Elsbeth is responsible for The Predictive Index’s communications strategy. Serving as the voice of the company, she creates and executes programs that encourage brand advocacy, increase global reach, and provide the best experience for business prospects and clients.

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By Elsbeth McSorley 

What every supervisor hopes is that he or she will be the leader of a high performing team.  What every good employee hopes is to be part of a high performing team.  High performing teams get things accomplished, team members keep physically and mentally engaged, and they reach a level of satisfaction associated with accomplishment.

How does a team become high performing and what can a leader do to help facilitate that kind of performance?

  • Set a vision:  Even if every employee is good at what they do, they cannot achieve all that is possible if they don’t each understand the vision and goals they are asked to achieve.  The leader must be the one to help provide that vision and help the team strive toward accomplishing it.
  • Work together: There may be a project in which employee “A” has a great deal of knowledge, so he or she is a natural leader for that project.  The rest of the team will need to understand that that person has expertise and they must have a willingness to defer to them.  The next project might be something that employee “B” is an expert at.  Roles change with ebbing and flowing of expertise, while all team members maintain maturity and work ethic, supporting each member of the team no matter their role is key.  

 So what kind of people make up a high performing team?

    • Hard working:  Nearly everything worth attaining in life comes from hard work.  This counts for work too.  A high performing team is comprised of people who encourage each other, challenge each other, and push each other to work as hard as needed to achieve their shared vision and goal.
    • Interested in learning:  Even the smartest people will find things they know little about.  In that situation, the people on a team who are behind in the learning curve will work hard to catch up with the rest of the team.  They will not expect the rest of the team to carry them.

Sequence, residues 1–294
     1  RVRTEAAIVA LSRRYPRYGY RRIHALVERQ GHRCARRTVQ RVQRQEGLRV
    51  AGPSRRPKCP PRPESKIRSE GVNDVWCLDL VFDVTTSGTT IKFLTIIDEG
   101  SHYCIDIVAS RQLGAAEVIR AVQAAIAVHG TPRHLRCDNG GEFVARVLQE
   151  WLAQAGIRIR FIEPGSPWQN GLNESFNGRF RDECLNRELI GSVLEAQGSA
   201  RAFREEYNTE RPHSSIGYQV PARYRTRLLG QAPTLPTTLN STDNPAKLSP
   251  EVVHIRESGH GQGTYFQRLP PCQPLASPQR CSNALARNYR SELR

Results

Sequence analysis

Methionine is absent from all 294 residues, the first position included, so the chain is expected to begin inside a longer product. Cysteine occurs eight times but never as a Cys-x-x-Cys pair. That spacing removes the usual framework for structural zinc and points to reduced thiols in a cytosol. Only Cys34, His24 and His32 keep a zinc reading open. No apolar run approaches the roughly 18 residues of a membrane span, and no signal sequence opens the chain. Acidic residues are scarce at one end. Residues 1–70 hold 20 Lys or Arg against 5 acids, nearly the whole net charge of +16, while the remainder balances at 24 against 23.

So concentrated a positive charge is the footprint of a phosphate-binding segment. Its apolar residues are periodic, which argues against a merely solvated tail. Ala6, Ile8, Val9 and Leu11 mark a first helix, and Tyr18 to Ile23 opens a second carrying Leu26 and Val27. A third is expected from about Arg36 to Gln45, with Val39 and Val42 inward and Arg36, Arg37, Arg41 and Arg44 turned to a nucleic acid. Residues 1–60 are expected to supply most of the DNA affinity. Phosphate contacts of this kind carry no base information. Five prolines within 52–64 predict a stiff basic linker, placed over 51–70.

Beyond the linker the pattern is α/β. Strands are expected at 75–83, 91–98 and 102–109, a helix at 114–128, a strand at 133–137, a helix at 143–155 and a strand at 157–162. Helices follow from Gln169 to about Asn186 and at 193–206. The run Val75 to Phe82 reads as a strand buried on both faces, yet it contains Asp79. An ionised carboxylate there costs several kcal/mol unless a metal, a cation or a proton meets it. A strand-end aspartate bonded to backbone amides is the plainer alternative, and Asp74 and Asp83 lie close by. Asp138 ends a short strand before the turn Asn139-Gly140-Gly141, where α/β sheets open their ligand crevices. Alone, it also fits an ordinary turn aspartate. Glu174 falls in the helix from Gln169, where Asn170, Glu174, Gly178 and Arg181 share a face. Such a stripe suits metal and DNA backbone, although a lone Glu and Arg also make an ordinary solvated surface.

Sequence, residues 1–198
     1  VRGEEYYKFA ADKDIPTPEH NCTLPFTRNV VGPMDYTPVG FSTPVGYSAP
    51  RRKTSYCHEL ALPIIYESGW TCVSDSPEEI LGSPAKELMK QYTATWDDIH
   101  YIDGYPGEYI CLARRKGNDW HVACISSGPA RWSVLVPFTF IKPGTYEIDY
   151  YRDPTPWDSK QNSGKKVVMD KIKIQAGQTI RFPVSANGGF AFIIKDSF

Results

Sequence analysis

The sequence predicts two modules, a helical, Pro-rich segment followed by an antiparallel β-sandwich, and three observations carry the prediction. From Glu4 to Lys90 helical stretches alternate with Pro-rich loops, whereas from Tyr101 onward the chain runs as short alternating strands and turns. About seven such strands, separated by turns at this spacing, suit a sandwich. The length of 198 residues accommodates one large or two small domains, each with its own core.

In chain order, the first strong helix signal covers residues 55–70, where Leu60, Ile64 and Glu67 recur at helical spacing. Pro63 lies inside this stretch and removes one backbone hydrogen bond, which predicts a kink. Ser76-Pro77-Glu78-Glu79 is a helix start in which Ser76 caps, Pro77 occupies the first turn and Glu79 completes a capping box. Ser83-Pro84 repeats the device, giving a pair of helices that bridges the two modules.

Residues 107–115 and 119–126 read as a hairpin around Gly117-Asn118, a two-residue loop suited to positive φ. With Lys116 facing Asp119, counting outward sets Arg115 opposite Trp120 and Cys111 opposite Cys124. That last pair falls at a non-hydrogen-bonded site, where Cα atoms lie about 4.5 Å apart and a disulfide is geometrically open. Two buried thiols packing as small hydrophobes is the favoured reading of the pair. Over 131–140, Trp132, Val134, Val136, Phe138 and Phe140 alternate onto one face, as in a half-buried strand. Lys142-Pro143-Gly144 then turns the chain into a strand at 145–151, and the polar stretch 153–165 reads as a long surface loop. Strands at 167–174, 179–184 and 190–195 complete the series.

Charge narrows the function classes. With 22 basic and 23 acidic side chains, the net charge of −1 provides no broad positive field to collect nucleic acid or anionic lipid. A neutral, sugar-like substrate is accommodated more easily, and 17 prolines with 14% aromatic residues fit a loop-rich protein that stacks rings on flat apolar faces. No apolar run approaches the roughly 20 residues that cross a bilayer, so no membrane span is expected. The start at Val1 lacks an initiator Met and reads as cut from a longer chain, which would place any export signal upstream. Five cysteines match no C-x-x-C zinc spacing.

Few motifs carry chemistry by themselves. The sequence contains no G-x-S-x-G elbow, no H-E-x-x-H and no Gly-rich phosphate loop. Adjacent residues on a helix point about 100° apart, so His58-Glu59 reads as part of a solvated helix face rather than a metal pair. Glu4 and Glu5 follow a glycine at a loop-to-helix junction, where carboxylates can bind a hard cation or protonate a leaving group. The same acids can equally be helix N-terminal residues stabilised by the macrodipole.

• Behaves ethically:  They will share ideas and give credit for suggestions rather than take credit for things they are not responsible for.  When it comes to looking good for supervisors, the work talks for them.

High performing teams do not have to have promises of monetary rewards to work hard and accomplish the shared vision.  Often they work for internal satisfaction and a shared feeling of success.  Monetary rewards are appreciated, but members of high performing teams do not work hard and work successfully just for a bonus.  Good leadership lets these people know they are not taken for granted.

These teams are made up of  people who are not afraid of conflict, with management or with each other.  They understand that disagreement is part of the process of working, but they equally understand that eventually everyone has to pull on the rope together, and in the same direction. They put disagreements behind them and work together to accomplish the vision and the goals set forth by their leaders.

There are many things that are necessary to make a successfully high performing team, but most of the important qualities must be noticed by leadership who will put the team together.  Mostly, a willingness to communicate is the basic skeleton to begin any successful team.

Learn how to avoid miscommunication and misunderstandings amongst your high quality team with our blog post, The importance of defining the rules of engagement.